Talking Point: Overlapping Windows
Back in the 80s, a GUI paradigm called WIMP (Windows, Icons, Mouse, Pointer) began to establish itself as the new way in which most people interacted with computers. When it comes to one of the most significant elements of that system, overlapping windows, I'm beginning to wonder, has it had its day?
One of few things that Microsoft can claim to have developed from scratch is an efficient method of application switching called the taskbar, although it's now in the process of being superseded on most GUIs by the application dock. One side-effect of that form of program management is that it doesn't penalize the user for running applications fullscreen, and it therefore encourages it. You can glean some ideas about modern user behavior by observing that, in the most popular WM themes and skins, the areas of the window that are used for resizing have almost disappeared. The truth is, if you use Gnome or KDE, you probably run most of your apps fullscreen, most of the time.
In the future, I think that overlapping windows will be seen as a power user's feature, rather like the command line. The non-expert computer user has little use for windows that don't encompass the entire screen, and novice users find resizable, overlapping windows confusing. There are some operations, such as dragging and dropping of file icons, that benefit from overlapping windows, but again, this is a feature that is mostly used by experts.
PDAs and other small computers have long pioneered the techniques needed to make multiple running programs individually accessible. Running everything fullscreen on a full-sized device does, however, present a few drawbacks. For one thing, text can be difficult to read when spread out over large areas on modern widescreen monitors. Personally, I wouldn't fancy word processing on a 24” widescreen monitor with the main window maximized. I think that multi-column websites give us some clues as to what a desktop of the future might look like.
There are probably two solutions that we are going to see dominate over the next few years.
Firstly, tiled window management, of a sort that has existed for many years on Linux, may finally break through to the mainstream. Tiling has the advantage that it does away with the complexities and inefficiencies of overlapping windows while still allowing the user to view more than one window at once. It's worth noting that KDE SC 4.5 introduced tiling support.
The wmii window manager. Could this be a glimpse into the future?
Secondly, it's possible that applications will begin to make use of more panes within a main window. For example, on a widescreen monitor, it's quite convenient to leave the Firefox sidebar open at all times. I wonder if other subwindows could be enabled by default, perhaps piping in pertinent information? Some tiled window managers can simulate this approach, to an extent, by allowing you to associate certain applications together into groups.
Back in the mid-90s, Apple and IBM collaborated on an application framework called OpenDoc. The idea behind OpenDoc was that application components could be freely embedded into host applications. So, for example, if you clicked on a image in your word processor, a toolbar might appear around it, courtesy of Adobe Photoshop. Although the tech did appear in the form of some proof of concept applications that shipped with OS/2, it was ultimately abandoned. However, another framework such as that one could solve some of the problems of efficient use of screen resources in an intuitive manner without resorting to traditional overlapping windows.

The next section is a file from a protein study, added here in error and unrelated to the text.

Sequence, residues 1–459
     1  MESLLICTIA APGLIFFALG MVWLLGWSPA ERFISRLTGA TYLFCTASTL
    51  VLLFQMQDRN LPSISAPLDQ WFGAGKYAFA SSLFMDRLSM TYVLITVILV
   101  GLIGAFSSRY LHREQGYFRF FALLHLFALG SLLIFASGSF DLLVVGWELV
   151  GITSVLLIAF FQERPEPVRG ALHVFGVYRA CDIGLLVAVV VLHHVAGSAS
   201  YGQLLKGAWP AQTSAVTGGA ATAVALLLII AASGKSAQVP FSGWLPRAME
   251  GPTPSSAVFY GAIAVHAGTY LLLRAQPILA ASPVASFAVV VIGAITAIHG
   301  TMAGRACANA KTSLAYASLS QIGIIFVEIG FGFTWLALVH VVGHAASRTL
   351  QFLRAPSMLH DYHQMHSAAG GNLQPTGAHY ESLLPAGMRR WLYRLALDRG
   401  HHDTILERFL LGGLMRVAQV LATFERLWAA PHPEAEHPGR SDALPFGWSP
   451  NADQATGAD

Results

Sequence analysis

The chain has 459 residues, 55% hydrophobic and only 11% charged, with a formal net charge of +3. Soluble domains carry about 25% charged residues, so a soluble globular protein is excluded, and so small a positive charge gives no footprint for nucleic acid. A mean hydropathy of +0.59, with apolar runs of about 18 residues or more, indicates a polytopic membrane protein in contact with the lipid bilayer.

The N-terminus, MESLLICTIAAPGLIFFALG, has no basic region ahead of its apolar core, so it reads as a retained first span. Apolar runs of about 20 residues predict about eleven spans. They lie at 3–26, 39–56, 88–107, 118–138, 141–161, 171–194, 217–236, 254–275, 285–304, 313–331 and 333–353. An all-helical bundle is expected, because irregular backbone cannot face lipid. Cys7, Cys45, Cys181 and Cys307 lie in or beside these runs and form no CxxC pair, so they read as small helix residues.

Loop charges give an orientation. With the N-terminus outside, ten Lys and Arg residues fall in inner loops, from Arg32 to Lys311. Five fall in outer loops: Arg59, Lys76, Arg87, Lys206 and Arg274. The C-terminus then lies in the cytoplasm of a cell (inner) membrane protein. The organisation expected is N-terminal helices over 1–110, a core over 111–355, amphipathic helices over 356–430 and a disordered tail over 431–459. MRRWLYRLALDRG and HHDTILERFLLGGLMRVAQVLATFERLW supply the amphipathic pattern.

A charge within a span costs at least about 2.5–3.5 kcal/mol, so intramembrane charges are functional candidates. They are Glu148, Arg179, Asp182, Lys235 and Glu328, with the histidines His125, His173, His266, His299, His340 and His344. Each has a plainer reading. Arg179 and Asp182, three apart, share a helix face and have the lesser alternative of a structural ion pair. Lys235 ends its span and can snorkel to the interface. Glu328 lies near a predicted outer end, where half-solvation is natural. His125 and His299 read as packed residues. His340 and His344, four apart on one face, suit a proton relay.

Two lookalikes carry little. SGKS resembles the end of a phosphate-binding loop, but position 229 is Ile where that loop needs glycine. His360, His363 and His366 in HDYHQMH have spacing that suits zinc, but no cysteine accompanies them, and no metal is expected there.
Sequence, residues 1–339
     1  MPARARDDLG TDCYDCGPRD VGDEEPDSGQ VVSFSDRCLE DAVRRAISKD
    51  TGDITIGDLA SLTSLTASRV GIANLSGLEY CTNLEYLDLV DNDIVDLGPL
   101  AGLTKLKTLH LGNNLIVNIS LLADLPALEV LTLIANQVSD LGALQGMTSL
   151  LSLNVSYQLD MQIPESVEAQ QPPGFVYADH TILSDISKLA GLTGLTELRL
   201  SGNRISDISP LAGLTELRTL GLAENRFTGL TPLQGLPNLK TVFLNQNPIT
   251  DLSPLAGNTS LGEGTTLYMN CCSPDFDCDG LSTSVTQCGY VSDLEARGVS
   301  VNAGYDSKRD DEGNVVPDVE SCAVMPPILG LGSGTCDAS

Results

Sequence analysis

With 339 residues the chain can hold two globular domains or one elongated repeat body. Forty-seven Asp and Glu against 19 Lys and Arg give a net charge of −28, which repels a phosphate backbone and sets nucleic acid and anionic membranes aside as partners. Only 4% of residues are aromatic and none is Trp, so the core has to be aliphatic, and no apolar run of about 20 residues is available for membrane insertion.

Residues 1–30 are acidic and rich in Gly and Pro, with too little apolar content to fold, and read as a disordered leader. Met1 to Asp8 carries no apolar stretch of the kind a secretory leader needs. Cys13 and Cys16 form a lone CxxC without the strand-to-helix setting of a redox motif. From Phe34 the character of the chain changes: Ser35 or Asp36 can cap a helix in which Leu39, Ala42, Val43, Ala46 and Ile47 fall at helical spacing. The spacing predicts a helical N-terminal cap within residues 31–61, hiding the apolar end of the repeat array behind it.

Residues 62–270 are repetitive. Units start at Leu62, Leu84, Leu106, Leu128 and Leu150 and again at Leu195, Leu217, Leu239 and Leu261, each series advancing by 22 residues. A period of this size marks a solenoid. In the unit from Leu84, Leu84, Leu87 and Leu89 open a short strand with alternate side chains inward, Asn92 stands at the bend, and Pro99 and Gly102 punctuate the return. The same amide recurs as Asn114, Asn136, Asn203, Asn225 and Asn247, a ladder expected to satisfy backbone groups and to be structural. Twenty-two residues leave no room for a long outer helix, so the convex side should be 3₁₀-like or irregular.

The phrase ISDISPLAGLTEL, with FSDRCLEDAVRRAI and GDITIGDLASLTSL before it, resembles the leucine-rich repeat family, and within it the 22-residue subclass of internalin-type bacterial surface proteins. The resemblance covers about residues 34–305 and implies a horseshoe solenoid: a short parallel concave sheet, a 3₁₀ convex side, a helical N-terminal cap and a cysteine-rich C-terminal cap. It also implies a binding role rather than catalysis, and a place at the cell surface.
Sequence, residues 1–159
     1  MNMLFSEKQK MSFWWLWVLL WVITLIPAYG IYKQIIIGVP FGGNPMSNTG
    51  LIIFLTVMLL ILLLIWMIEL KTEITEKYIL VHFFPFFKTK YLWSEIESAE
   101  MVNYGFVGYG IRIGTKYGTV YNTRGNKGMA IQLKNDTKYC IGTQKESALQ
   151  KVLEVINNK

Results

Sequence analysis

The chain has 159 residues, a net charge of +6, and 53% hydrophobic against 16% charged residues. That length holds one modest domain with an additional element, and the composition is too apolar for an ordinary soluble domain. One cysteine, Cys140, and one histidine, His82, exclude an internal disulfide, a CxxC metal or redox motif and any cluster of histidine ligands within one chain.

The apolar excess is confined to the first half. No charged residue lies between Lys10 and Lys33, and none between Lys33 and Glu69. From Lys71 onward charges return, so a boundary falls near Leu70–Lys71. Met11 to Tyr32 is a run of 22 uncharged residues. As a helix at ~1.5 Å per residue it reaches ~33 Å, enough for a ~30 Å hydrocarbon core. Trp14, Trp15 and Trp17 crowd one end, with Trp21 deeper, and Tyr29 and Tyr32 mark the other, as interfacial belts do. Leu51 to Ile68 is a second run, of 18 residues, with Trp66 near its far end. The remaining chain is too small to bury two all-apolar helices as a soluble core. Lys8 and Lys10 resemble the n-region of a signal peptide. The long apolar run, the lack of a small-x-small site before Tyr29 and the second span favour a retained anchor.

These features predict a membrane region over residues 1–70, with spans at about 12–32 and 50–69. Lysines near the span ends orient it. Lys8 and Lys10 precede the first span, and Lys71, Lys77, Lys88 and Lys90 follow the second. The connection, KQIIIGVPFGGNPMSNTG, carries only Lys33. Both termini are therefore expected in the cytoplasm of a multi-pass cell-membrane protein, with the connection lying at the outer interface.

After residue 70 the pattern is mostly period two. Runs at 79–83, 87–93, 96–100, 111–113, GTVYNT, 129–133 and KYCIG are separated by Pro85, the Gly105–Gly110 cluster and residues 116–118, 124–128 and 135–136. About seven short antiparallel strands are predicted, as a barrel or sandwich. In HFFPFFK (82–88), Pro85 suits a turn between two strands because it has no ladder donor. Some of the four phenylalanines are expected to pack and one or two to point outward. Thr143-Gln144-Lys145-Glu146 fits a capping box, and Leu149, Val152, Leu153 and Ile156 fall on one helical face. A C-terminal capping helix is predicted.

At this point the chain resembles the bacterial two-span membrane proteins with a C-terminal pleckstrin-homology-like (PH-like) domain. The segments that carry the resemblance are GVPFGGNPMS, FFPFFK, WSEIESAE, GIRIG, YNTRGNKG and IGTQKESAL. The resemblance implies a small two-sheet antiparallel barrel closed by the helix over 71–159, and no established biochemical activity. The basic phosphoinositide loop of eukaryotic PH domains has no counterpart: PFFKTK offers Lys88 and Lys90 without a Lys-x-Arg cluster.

LyX 2.0 is an application that can pack quite a lot into its main window. Perhaps this will be the norm in the future?
Of the tiled WMs I've seen, none of them seem to be very easy for the newcomer to use. So the question is, is anyone actually using these things on a day to day basis?
UK based freelance writer Michael Reed writes about technology, retro computing, geek culture and gender politics.
Fast/Flexible Linux OS Recovery
On Demand Now
In this live one-hour webinar, learn how to enhance your existing backup strategies for complete disaster recovery preparedness using Storix System Backup Administrator (SBAdmin), a highly flexible full-system recovery solution for UNIX and Linux systems.
Join Linux Journal's Shawn Powers and David Huffman, President/CEO, Storix, Inc.
Free to Linux Journal readers.Register Now!
- Tips for Optimizing Linux Memory Usage
- Secure Desktops with Qubes: Introduction
- Working with Command Arguments
- Download "Linux Management with Red Hat Satellite: Measuring Business Impact and ROI"
- Secure Desktops with Qubes: Installation
- Fancy Tricks for Changing Numeric Base
- CentOS 6.8 Released
- Linux Mint 18
- The Italian Army Switches to LibreOffice
- Petros Koutoupis' RapidDisk
Until recently, IBM’s Power Platform was looked upon as being the system that hosted IBM’s flavor of UNIX and proprietary operating system called IBM i. These servers often are found in medium-size businesses running ERP, CRM and financials for on-premise customers. By enabling the Power platform to run the Linux OS, IBM now has positioned Power to be the platform of choice for those already running Linux that are facing scalability issues, especially customers looking at analytics, big data or cloud computing.
￼Running Linux on IBM’s Power hardware offers some obvious benefits, including improved processing speed and memory bandwidth, inherent security, and simpler deployment and management. But if you look beyond the impressive architecture, you’ll also find an open ecosystem that has given rise to a strong, innovative community, as well as an inventory of system and network management applications that really help leverage the benefits offered by running Linux on Power.Get the Guide